Oh and the building industry puts them squarely on the bottom of the pay scale, meaning most look like they've lived a hard life to begin with and haven't always made the best decisions, but you're hoping as a homeowner that today they will.

The issue with fiberglass is that it remains exactly as it's installed, so when speed is the goal, installers tend to turn the machine on the highest blow rate and stand back and load the attic like a ski area covers runs. Rather than crawling back into the tight perimeter areas with the hose and getting the end out into each cavity and allowing the product to bubble back at them, installers tend to make it snow and ensure the area around the inspection hatch is above the rulers.

Cellulose, on the other hand, still requires good installers, but it's density at 3x greater than fiberglass, makes it less prone to installer defects by settling to its rated r-value over time. So insulating with cellulose is inherently less risky than fiberglass, and capping a fiberglass attic (that has already been fully air sealed) with cellulose is a good practice.

I'be also found that ducts with radiant barrier jackets perform much better in summer time when they are surrounded by blown fiberglass over cellulose, and I believe the reason is the incredible r-values of radiant barriers (changes with each orientation) when there is an adjacent air space (created by pockets within the low mass fiberglass that are larger than cellulose). Deeply buried ducts in FG tested near R-30 whereas cellulose ones were about 10 less from memory.

Lots to think about with real people installing products. Thanks for another good article and reopening "the great debate". :-)

Is there any R-value information regarding HOT attic performance? That's of interest in the cooling-dominated south.

I have a hunch that the convection issue doesn't apply, since relatively cooler air in immediate proximity to the topside of the ceiling beneath the insulation is denser, so should remain in position.

However, I wonder about radiant effects. Asphalt shingles and the sheathing immediately under them routinely exceed 150*F, especially with dark colored shingles. What happens to the heat that radiates downward onto the top of the fiberglass?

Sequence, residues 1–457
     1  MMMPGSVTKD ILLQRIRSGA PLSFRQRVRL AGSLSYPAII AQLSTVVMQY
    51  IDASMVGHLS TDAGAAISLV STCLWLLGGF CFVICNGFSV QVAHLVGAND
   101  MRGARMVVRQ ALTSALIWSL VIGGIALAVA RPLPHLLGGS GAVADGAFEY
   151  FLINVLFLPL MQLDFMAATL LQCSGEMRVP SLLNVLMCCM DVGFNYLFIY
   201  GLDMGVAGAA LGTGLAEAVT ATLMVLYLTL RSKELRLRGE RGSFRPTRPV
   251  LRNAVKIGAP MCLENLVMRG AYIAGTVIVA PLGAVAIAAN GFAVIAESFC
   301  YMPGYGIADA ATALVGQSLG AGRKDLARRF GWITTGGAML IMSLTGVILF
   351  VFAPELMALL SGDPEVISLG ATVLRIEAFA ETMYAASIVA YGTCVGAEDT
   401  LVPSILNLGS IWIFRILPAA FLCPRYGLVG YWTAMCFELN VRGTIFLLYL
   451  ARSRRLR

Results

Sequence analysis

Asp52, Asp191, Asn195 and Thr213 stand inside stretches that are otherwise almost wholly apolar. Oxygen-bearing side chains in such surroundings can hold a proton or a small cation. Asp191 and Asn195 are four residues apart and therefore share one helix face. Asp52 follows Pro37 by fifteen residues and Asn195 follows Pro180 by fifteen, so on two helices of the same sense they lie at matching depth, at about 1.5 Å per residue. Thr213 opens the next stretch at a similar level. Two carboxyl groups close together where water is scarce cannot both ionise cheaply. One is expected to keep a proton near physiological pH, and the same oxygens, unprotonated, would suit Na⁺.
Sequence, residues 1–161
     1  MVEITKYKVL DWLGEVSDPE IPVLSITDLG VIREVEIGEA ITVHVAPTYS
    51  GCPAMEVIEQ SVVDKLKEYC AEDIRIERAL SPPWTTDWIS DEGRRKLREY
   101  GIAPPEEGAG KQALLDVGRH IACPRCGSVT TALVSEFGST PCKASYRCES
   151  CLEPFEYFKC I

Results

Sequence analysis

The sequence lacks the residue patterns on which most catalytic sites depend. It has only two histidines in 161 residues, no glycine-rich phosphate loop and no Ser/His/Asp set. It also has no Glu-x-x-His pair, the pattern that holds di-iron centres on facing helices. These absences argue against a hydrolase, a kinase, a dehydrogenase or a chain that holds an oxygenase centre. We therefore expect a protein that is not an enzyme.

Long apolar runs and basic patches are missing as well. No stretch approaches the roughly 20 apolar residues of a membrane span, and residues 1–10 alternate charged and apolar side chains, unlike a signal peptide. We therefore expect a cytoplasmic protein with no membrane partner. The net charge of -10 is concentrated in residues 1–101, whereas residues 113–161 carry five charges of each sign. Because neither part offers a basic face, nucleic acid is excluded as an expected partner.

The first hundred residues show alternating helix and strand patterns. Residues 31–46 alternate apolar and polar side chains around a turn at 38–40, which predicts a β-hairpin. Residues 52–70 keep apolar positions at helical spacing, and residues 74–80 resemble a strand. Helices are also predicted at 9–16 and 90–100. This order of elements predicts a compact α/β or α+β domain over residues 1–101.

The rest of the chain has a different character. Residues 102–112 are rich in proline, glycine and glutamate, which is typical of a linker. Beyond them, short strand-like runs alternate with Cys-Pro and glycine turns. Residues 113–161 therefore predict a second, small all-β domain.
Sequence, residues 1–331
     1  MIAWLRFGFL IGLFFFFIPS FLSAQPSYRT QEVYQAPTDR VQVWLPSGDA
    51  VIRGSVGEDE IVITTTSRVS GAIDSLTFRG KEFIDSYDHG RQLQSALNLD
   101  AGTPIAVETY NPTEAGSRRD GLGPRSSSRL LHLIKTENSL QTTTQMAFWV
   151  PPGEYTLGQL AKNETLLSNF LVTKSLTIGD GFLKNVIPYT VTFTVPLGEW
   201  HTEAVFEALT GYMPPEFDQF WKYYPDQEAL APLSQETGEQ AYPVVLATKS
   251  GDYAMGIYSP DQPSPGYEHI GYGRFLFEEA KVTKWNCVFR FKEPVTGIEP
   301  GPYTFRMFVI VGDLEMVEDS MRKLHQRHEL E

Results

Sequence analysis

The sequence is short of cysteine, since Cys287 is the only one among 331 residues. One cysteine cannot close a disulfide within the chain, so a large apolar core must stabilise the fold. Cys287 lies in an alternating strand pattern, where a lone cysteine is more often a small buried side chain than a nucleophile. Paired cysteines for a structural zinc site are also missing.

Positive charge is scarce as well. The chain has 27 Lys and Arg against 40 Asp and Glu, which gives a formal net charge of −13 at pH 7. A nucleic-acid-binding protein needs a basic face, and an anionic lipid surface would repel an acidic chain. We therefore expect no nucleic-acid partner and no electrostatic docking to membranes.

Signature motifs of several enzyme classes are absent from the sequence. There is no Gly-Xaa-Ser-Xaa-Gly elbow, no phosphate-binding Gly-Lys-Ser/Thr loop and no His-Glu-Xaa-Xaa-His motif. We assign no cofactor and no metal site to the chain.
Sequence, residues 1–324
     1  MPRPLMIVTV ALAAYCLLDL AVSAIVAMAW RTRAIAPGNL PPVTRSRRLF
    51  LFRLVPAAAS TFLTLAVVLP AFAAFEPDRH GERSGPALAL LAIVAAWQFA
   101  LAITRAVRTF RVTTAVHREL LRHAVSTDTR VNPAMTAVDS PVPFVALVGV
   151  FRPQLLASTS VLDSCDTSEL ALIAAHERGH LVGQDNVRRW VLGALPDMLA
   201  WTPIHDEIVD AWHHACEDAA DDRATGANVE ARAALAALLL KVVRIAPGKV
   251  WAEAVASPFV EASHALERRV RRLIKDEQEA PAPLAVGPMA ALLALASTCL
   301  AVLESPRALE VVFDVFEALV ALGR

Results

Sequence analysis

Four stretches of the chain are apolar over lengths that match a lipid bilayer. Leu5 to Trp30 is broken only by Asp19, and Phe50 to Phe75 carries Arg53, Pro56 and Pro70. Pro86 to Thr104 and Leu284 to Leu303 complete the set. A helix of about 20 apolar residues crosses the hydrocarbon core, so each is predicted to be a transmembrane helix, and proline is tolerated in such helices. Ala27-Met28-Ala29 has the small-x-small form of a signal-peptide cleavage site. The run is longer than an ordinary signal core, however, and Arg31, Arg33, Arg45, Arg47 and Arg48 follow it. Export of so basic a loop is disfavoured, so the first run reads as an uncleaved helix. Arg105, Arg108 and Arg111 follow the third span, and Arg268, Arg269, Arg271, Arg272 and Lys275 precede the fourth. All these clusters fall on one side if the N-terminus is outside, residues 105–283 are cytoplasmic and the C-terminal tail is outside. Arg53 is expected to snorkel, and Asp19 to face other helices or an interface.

Great article, Allison. You continue to hit all the right buttons. Again.

I have wondered about why fiberglass batt insulation seems to collapse over time. When you go in an old attic like the one I have pictured, the insulation seems to have settled to a mere hint of what it might have originally been. Years ago I was told that the insulation is held together by an adhesive binder of sorts and as moisture moves through the insulation via the convective flows the moisture breaks down the binder and the fiberglass fibers gradually settle. This is a wonderful way to further emphasize how important the air sealing is.

I did ask someone in authority at OC a number of years ago and he said that was not the case, but it would be an interesting thing to be studying as well. Time impact as well as temperature. Do you know if there is any truth in the binder story?

Very good article Allison.

However, if I might make an observation or two, don't you find it interesting that they only change the make up of their products when other people point out their faults. Are we really to believe they were unaware of these inadequacies! Now we are supposed to believe everything is OK and their products are up to specifications and will perform properly? Aren't many of these manufacturers the same ones that told us for over 100 years that asbestos was safe and we had nothing to worry about! I can assure you (based on my own personal experiences) any testing that they provide should be thoroughly scrutinized, even down to how the test chamber was prepared. In closing let me say this, I find it appalling that they would have their attorney send you a letter reprimanding you for anything considering their past history!